Smart Cities – How Does Infrastructure Need to Change to Enable us to Deploy Smart Cities Fully?
- Simon Hobday, Partner, Osborne Clarke (moderator)
- Clare Wildfire, Technical Director, Mott MacDonald
- Lucy Symons, Director of Public Policy, Open Energi
- Mark Jenkinson, Director City Account Manager, Siemens Plc
- Rupert Green, Technology Consultant, Lendlease Corporation
- Andrew Beckett, Managing Director, Cyber Security and Investigations, Kroll
- Richard Braakenburg, Director, UK Green Investment Bank
What do we mean by “Smart Cities”?
Simon opened the discussion with an overview of Smart Cities. Simon examined the various definitions of this vague concept, such as Rupert Green’s “Use of data in every aspect of our lives to make our day-to-day life easier, quicker, safer and cheaper”. Simon then discussed the concept of “Better” rather than “Smart” Cities, which could be achieved by “driving better usage and utilisation of existing and new assets through data usage and analysis to deliver services as sustainably as possible for the benefit of citizens”. A key element of this approach involves examining how infrastructure assets relate to the area around them, rather than looking at specific infrastructure assets in isolation.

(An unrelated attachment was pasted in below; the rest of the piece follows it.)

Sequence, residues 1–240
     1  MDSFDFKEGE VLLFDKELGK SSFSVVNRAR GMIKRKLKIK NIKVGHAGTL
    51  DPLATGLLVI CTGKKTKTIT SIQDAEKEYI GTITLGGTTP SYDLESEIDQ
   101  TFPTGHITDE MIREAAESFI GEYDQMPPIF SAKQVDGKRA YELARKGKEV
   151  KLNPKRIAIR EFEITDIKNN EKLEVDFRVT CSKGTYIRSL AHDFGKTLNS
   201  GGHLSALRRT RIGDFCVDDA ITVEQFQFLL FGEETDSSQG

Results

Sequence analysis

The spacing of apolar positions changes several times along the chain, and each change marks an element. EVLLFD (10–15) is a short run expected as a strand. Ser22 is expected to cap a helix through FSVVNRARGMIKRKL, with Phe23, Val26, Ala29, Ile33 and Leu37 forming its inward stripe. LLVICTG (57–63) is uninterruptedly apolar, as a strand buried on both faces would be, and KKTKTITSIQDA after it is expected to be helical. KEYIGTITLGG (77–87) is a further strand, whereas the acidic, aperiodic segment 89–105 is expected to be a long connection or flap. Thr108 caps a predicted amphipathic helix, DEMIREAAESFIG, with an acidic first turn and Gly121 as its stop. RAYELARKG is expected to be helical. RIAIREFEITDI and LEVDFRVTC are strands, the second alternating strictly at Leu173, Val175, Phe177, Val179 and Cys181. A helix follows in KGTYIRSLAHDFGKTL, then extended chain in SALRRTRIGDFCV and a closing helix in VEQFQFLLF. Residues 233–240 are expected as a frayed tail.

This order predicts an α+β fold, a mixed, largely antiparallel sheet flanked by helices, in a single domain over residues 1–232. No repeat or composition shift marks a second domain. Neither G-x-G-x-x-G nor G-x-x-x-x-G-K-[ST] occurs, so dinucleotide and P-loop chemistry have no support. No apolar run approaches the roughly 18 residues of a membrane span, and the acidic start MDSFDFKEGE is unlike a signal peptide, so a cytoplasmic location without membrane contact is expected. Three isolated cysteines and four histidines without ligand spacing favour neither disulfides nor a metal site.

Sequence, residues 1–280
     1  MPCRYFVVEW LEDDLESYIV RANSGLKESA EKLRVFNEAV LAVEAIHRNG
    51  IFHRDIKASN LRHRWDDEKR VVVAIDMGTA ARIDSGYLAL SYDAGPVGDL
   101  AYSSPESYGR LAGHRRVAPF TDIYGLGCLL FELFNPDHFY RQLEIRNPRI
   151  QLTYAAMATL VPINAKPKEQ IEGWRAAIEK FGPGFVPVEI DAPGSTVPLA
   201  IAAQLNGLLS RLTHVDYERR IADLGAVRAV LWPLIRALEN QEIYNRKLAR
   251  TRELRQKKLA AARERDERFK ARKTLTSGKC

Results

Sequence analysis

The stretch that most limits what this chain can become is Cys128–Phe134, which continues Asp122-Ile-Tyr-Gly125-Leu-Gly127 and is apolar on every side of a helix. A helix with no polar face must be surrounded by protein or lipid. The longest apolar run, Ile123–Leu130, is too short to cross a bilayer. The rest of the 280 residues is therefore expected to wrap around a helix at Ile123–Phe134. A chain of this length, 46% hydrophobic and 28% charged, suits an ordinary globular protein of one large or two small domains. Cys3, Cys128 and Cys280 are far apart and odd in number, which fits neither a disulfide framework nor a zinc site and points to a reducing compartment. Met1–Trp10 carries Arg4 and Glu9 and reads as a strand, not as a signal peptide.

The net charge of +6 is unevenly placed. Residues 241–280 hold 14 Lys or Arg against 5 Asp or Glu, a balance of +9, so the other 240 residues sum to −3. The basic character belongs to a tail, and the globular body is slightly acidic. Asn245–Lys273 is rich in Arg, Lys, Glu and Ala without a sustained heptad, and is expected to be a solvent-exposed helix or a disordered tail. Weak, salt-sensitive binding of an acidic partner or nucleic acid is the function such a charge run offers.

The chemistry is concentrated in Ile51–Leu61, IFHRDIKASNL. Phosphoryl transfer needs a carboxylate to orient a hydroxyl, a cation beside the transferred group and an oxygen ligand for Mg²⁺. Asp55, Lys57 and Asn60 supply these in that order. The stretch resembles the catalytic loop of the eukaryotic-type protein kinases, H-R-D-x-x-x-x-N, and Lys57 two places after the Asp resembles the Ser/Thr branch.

Simon went on to discuss the importance of collaboration, both across sectors (such as infrastructure, security, telecoms, waste, transport and energy) to integrate wider-city considerations, and between the private and public sectors. The public sector provides grant funding and can work well to amalgamate funding from various sources. However, the public sector’s legal and regulatory frameworks can hinder as well as facilitate “Smart”. The private sector is a disruptive idea generator that enables fast mobilisation and exploitation. Large companies can promote ideas by absorbing project costs and providing the framework for their implementation. However, they can also suffocate ideas because large companies need control and a certain level of bureaucracy to function effectively.
The panel discussed the meaning of “Smart” with Rupert expanding on his definition above by noting that, from an investor perspective, it means using technology to increase return on investments. He added that “Smart” enables companies to understand if projects are sustainable and to make informed engineering and investment decisions. Clare noted that “Smart” technology integrates decision making across sectors, and unpicks precedents to rebuild the value chain and achieve a reapportionment of the value. Mark thinks “Smart” means giving a better quality of life to citizens, which is increasingly important in a time when funding is eroded but the population is increasing. Richard remarked that “Smart” improves investment cases for projects through a combination of data, connectivity and energy that drives new revenue streams out of assets. Andrew brought the security side of “Smart” to the audience’s attention, by questioning if connecting everything to the internet the entire interconnected system could be adequately protected.
How quickly will change happen?